The new Securities and Exchange Commission law contains many salutary provisions that will ensure the efficiency, predictability and consistency of the regulation of the country’s securities market, said Viraj Dayaratne, chairman of the Securities and Exchange Commission of Sri Lanka (SEC), elaborating on the ‘New Law and the Way Forward’ via a virtual discussion last week.
He said the new law allows for the use of advanced infrastructure and addresses the different fundraising needs of issuers, while the ability to introduce a variety of products gives investors a wider choice based on their risk and reward characteristics.
By finalizing the law, while retaining the fundamental provisions found in previous versions, the current Commission has taken steps to eliminate ambiguities and gray areas to ensure that there will be no difficulties in its application and its implementation, said the SEC chief, adding that there had been extensive consultation with all stakeholders and the public in this long drafting process and their contributions were of immense help in formulating this law.
The new Securities and Exchange Commission Law No. 19 of 2021 was certified by the President on September 21. It repeals and replaces the Securities and Exchange Commission Act No. 36 of 1987.
The law which has been in preparation for a long time contains well thought out provisions which have taken into account the latest developments in securities markets around the world and adheres to the principles and standards proposed by the International Organization of Securities Commissions (IOSCO).
It enables strong regulation while facilitating market development and will meet the current and future needs of the Sri Lankan securities market.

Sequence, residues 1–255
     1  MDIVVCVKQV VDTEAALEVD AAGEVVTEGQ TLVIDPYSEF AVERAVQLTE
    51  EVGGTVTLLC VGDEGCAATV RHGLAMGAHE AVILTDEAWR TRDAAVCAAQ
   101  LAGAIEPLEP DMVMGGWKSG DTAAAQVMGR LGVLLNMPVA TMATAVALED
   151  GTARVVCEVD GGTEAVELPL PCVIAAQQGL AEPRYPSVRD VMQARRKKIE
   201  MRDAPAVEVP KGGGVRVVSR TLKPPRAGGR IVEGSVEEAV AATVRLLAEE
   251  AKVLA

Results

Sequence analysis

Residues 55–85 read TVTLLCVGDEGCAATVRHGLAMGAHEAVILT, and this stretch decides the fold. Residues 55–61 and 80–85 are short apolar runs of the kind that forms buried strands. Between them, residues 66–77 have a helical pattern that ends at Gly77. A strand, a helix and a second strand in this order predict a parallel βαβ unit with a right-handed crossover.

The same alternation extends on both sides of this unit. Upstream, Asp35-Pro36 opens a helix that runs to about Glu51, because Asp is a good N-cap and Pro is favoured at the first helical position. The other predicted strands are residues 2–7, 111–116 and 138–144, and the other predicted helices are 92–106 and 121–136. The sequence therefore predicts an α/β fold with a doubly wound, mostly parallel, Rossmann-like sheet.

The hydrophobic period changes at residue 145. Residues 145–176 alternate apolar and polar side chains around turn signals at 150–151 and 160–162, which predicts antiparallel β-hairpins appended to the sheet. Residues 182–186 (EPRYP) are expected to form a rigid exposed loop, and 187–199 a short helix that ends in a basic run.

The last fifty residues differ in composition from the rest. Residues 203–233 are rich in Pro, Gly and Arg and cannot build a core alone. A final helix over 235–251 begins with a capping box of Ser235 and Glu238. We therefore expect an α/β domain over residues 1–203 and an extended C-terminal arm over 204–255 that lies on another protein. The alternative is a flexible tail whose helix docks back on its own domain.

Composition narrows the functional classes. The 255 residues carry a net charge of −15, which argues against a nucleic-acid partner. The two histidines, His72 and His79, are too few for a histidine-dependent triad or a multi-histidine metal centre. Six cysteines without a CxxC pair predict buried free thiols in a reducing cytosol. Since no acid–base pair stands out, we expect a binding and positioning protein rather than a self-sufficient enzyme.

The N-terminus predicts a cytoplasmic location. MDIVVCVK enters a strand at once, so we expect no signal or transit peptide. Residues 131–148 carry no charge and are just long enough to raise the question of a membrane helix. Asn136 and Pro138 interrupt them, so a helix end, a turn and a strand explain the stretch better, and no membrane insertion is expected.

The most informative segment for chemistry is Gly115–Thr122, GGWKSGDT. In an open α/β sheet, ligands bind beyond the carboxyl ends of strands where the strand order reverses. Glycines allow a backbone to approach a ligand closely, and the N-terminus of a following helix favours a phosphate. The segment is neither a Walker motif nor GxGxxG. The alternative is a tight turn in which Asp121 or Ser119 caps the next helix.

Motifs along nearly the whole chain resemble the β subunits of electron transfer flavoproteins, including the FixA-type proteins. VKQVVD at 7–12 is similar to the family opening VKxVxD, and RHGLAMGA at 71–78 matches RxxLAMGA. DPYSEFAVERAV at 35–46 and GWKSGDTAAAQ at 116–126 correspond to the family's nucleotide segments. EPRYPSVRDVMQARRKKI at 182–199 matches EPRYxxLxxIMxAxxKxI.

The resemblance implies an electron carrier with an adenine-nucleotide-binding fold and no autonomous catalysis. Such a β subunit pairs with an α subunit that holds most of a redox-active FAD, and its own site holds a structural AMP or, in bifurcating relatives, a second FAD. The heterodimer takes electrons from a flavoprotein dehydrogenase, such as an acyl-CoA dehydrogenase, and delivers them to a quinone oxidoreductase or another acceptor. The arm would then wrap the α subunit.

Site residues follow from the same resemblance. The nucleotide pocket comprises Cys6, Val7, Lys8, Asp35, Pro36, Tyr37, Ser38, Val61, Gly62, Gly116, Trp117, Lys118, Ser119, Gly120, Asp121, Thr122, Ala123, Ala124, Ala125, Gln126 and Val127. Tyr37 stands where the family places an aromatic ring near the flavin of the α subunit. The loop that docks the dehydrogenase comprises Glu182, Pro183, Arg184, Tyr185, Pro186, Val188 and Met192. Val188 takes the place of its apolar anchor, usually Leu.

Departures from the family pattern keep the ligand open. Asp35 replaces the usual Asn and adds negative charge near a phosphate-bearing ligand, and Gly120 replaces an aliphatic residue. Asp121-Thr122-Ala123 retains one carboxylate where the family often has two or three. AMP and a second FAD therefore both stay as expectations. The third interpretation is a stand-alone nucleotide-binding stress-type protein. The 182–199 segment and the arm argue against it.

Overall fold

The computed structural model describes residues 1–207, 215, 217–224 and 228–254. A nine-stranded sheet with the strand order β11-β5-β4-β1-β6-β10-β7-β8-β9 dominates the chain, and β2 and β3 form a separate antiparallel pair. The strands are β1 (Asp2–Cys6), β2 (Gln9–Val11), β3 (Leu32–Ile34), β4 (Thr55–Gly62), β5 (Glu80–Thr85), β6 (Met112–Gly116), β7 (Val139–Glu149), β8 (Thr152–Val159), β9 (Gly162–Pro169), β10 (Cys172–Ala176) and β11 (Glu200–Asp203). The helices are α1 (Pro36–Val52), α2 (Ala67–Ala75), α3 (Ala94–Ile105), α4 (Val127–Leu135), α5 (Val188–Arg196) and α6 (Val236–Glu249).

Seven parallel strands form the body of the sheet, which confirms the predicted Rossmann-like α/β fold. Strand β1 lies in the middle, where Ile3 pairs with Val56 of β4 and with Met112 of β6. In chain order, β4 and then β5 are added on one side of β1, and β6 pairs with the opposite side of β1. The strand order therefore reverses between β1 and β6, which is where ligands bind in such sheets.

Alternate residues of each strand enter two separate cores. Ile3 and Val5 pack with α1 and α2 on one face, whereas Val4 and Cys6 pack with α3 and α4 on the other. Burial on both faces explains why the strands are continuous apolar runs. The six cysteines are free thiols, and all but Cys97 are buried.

The process of drafting a new law began in 2007, following a gap analysis and extensive research into laws from other jurisdictions. The initiative benefited from technical assistance from the World Bank and experts in Sri Lanka.
The first project was completed in 2013 and approved by the Commission at the time. As this had not been done, improvements had been made to this draft by the next Commission and after receiving Cabinet approval, the draft law had been tabled in Parliament in 2018 but had not been debated.
Other changes had been made to this bill by the previous Commission during the period 2018-2019.
The SEC law consists of seven parts which are then divided into several chapters. An important feature is that at the beginning of each part, the “object and purpose” of that particular part is described in general terms. This gives an indication of what one seeks to achieve through the provisions contained in this part.
A key feature of the Act is that an authorized stock exchange can list its securities on its own stock exchange. A clearing house acting as a central counterparty (CCP) is recognized and a CCP has been defined. Detailed provisions dealing with default rules and procedures have been included to address situations where a Clearing Member is unable to meet its obligations with respect to unsettled market contracts. Default procedures were designed to make transactions final.
It is also relevant to note that the law redefined “market intermediaries” and added some additional categories of people. They are “Corporate Finance Advisor”, “Market Maker”, “Derivatives Broker” and “Derivatives Trader”.
The introduction of market makers is important because it will ensure a continuous and efficient exchange of securities between buyers and sellers, Dayaratne said.
The progressive provisions of the Act are expected to ensure that all market participants have the necessary confidence and environment to engage in their activities, which is the ultimate goal of a capital market. .
The Commission, as the market regulator at all times, will be aware of the dangers of over-regulation and will therefore be committed to finding the right balance.
At the same time, it should be emphasized that if all market participants practice self-regulation and act within the limits of the law, it will not be necessary to use most of the provisions contained in the law.